Last edited by pskosinski on 10 May 2020 at 6:25 am UTC
Purple Library Guy 10 May, 2020
Quoting: Solitary
Quoting: Samsai
Quoting: Solitary...but it always boils down to one weak point and that is people itself.
... unless you believe that democracy doesn't work, which I very much don't agree with.

I am not sure you or I understand each other. I think democracy works wonders... because it basically limits the aspect of "people problem" that I mentioned, because nobody is allowed to have too much power. The system is designed to limit, slowdown and prevent any radical changes.

Meanwhile with socialism, where you have strong government you get that problem, because you are governed by people that inherently have more power thanks to stronger standing of the state. People with too much power = abuse of power.

Hang on a minute. Two problems with this.
First, democracy is not defined as a system that doesn't allow anybody to have too much power, nor as a system designed to limit, slow down or prevent radical changes. The United States defines its particular system as being based around "checks and balances", but this is in no way inherent to democracy. So for instance, in parliamentary systems, in a majority government situation the prime minister has powers which are very strong indeed, and could very well be capable of making sweeping changes quite quickly.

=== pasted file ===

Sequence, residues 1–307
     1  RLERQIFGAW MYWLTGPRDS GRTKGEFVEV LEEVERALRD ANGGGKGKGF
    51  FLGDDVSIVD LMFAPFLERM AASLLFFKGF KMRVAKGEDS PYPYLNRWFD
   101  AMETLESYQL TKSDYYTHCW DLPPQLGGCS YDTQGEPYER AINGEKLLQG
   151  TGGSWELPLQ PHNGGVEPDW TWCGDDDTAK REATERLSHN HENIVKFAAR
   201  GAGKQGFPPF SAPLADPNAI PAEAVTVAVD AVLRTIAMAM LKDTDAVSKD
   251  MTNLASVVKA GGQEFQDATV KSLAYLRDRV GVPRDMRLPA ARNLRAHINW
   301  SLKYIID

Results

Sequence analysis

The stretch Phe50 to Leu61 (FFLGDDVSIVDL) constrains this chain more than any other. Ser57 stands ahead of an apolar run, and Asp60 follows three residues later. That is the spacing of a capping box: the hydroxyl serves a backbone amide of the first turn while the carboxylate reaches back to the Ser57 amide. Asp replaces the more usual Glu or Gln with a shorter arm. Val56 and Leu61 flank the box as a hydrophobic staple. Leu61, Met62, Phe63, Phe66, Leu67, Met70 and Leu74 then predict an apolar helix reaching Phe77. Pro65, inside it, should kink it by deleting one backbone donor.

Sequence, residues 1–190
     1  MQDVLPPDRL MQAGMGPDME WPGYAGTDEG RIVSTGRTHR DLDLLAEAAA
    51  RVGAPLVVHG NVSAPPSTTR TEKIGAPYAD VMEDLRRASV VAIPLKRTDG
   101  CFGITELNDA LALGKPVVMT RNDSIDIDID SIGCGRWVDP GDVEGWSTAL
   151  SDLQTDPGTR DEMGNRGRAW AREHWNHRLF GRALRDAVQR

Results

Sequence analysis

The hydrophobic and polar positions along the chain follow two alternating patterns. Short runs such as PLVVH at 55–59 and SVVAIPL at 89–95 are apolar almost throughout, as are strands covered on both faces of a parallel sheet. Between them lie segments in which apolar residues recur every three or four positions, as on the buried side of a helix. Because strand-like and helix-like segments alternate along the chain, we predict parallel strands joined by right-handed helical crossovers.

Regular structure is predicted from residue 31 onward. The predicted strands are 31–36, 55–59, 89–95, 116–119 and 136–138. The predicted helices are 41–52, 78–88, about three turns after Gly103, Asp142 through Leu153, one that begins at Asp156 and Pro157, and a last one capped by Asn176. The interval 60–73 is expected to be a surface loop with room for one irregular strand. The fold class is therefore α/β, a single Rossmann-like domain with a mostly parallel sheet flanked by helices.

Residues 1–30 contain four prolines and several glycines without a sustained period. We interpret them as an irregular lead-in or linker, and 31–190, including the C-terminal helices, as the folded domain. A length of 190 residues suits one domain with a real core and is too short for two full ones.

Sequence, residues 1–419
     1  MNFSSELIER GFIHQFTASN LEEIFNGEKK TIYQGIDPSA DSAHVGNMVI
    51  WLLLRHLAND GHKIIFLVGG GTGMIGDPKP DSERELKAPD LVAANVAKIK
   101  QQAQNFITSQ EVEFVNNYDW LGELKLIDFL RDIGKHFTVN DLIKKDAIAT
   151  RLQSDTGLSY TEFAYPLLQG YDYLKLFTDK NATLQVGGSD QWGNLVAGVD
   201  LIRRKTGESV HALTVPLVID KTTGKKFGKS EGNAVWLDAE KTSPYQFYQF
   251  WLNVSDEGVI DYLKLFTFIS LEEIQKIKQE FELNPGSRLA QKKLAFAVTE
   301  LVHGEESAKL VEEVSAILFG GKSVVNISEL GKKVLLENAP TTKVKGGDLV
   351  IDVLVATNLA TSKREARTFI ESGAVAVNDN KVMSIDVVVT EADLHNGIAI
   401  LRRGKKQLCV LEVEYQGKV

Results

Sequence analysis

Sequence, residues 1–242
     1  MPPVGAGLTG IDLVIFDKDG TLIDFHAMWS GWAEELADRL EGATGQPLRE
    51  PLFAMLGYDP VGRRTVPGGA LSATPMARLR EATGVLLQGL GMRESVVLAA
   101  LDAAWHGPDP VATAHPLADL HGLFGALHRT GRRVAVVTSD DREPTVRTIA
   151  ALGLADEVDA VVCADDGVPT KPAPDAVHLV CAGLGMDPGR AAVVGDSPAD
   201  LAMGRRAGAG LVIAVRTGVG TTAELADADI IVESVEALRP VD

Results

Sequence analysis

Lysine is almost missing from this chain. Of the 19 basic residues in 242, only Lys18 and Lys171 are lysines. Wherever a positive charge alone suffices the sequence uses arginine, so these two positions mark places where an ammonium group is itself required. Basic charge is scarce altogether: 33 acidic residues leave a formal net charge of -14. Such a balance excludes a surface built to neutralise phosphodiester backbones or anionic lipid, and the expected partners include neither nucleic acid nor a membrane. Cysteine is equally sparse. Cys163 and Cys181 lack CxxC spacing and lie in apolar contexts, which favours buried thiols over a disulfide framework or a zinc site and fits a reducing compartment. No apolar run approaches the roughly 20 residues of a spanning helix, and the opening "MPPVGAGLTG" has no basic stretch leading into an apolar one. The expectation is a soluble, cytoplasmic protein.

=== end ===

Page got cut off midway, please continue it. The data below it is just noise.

Democracy is defined as a system that allows the people to rule, directly or indirectly through representatives. If the majority of them agree about something, a system is democratic to the extent that it allows that to happen, not to the extent that it frustrates their will if their will happens to represent a change.

Second, you appear to be using a setup where "democracy" and "socialism" are these two separate and opposed things in the same broader category, like "hot" and "cold". This is very much a category error.
True, we have no currently existing examples of societies in which the ballot box brought socialism. But the ballot box has brought socialist parties to power which then began to implement their programme in a number of different countries. Spain in the 1930s, Chile in the 1970s, Nicaragua in the 1980s . . . so far, every time it has happened the government in question has been toppled by violence, but that does not make socialism something distinct from democracy. Socialism is not a form of government. Depending on your perspective, socialism is either a purely economic concept or it is an extension of democracy to the economic realm. In either case, as noted above if the majority of people happened to want to create socialism, democracy would involve delivering the will of the people, not frustrating it.